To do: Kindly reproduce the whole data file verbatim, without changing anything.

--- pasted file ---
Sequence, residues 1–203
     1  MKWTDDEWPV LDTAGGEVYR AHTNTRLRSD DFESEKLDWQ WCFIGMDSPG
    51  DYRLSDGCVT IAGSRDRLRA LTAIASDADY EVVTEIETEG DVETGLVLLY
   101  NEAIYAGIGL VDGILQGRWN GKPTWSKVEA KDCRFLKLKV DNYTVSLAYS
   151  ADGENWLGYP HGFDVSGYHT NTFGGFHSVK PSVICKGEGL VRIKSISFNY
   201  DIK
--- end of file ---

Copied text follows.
Sequence, residues 1–203
     1  MKWTDDEWPV LDTAGGEVYR AHTNTRLRSD DFESEKLDWQ WCFIGMDSPG
    51  DYRLSDGCVT IAGSRDRLRA LTAIASDADY EVVTEIETEG DVETGLVLLY
   101  NEAIYAGIGL VDGILQGRWN GKPTWSKVEA KDCRFLKLKV DNYTVSLAYS
   151  ADGENWLGYP HGFDVSGYHT NTFGGFHSVK PSVICKGEGL VRIKSISFNY
   201  DIK